The development of the PDM reflects our concern that mental health professionals may have uncritically and prematurely adopted methods from other sciences instead of developing empirical procedures appropriate to the complexity of the data in our field. The intent of those who moved the DSM and ICD classifications in the direction of specifying discrete, externally observable disorders was to build a stronger foundation for the diagnosis and treatment of psychopathology. This was a worthy project. Now, however, it is time to take a hard look at the phenomena with which mental health professionals regularly deal and adapt the methods to the phenomena rather than vice versa (see Part III, review essays by Blatt, Shedler, Westen).
The PDM attempts to do this. Because the current terminology for symptoms and their groupings comes from a long and intellectually serious tradition, we employ the descriptions of symptoms and patterns of symptoms used in the currently prevailing taxonomies, the DSM-IV-TR and ICD-10, systems that represent a valuable history of careful observation and description. In the most recent versions of the DSM and ICD systems, however, some of the more subtle features of many basic symptom patterns have been lost. Most notably, despite the fact that it is usually the patient's subjective suffering that brings him or her to treatment, a full description of the patient's internal experience of the symptoms is often absent.
All approaches to assessment and treatment rely at least in part on patients' reports of their thoughts, feelings, and behaviors. (Does the patient feel depressed? Anxious? Does the patient hear voices? Think about suicide?). Therefore, despite the fact that mental health professionals are always inevitably dealing with the elusive world of subjectivity, we require a fuller description of the patient's internal life to do justice to understanding his or her distinctive experience. We are hoping that with more elaborated depictions, we can make more progress on understanding naturally occurring patterns. The rapidly advancing neuroscience field, including genetic studies, can only be as useful as our understanding of the naturally occurring basic patterns of mental health and pathology. We cannot expect our colleagues in genetics to separate the apples and oranges for us. If we do not properly separate them, we will continue to frustrate the search for underlying biological pathways and common experiential etiologies.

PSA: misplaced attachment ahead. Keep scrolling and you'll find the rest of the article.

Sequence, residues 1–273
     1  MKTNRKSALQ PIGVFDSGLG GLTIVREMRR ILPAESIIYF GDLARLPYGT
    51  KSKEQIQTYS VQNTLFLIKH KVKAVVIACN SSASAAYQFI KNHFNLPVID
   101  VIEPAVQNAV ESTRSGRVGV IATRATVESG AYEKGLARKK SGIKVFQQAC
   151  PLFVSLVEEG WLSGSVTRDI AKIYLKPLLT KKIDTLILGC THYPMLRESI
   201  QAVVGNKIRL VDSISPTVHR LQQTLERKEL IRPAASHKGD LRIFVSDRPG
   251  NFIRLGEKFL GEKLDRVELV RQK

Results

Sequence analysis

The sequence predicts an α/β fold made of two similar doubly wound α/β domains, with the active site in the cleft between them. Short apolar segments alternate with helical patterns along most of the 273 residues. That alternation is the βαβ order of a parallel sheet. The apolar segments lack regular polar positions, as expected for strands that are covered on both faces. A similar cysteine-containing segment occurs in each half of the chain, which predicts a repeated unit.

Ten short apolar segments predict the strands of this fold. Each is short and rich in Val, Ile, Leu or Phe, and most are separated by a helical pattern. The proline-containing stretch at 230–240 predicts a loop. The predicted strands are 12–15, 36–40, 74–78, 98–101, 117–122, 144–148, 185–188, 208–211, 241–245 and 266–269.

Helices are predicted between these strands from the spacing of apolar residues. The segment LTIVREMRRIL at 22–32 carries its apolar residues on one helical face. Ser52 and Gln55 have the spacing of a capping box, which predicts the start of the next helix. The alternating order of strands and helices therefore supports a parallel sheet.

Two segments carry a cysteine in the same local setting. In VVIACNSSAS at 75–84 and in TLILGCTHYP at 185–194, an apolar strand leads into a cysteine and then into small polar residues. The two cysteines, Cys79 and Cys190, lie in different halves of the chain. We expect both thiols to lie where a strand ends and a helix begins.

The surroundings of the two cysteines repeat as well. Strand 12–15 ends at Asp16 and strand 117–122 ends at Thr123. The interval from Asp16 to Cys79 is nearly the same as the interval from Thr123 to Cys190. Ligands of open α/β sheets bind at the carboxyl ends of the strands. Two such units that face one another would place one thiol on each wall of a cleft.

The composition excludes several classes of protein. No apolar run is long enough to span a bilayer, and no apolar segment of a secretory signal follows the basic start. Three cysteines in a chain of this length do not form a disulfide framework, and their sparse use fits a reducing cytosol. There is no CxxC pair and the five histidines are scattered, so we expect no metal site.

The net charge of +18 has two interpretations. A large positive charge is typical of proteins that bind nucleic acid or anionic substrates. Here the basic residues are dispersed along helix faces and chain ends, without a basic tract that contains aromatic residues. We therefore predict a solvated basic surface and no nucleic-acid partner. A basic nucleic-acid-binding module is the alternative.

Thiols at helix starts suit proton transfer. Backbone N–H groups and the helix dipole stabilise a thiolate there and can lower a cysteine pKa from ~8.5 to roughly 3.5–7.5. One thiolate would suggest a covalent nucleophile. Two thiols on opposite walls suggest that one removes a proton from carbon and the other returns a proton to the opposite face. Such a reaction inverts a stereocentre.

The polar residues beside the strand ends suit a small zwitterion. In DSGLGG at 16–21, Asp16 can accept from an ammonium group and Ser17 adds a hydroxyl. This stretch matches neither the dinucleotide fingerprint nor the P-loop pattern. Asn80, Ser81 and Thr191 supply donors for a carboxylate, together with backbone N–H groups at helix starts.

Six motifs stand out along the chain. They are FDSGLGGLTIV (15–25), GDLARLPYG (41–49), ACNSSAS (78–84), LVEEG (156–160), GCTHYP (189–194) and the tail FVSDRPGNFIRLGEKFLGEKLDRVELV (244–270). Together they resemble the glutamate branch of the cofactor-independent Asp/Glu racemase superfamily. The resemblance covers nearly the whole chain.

Even in general medicine, instances in which etiological factors are fully understood are rare. Most commonly, we are at the level of functional rather than etiological explanation. Neoplastic disorders, for example, are often thought to be understood etiologically, but we are still searching for the causes of many malignancies, as we attempt to comprehend the relationship between genetic, environmental, and, in some instances, viral and other infectious processes. We are nonetheless able to describe various malignancies in detail in terms of their functional characteristics. Both in general medicine and in mental health, progress in understanding the functional nature of disorders should eventually facilitate a greater understanding of etiological factors. Functional and etiological understanding together provide the fullest basis for diagnosis and treatment.
In general, there is a healthy tension between the goals of capturing the complexity of clinical phenomena (functional understanding) and developing criteria that can be reliably judged and employed in research (descriptive understanding). It is vital to embrace this tension by pursuing a step-wise approach in which complexity and clinical usefulness influence operational definitions and inform research. A scientifically based system begins with accurate recognition and description of complex clinical phenomena and builds gradually toward empirical validation. Relying on oversimplification and favoring what is measurable over what is meaningful do not operate in the service of good science.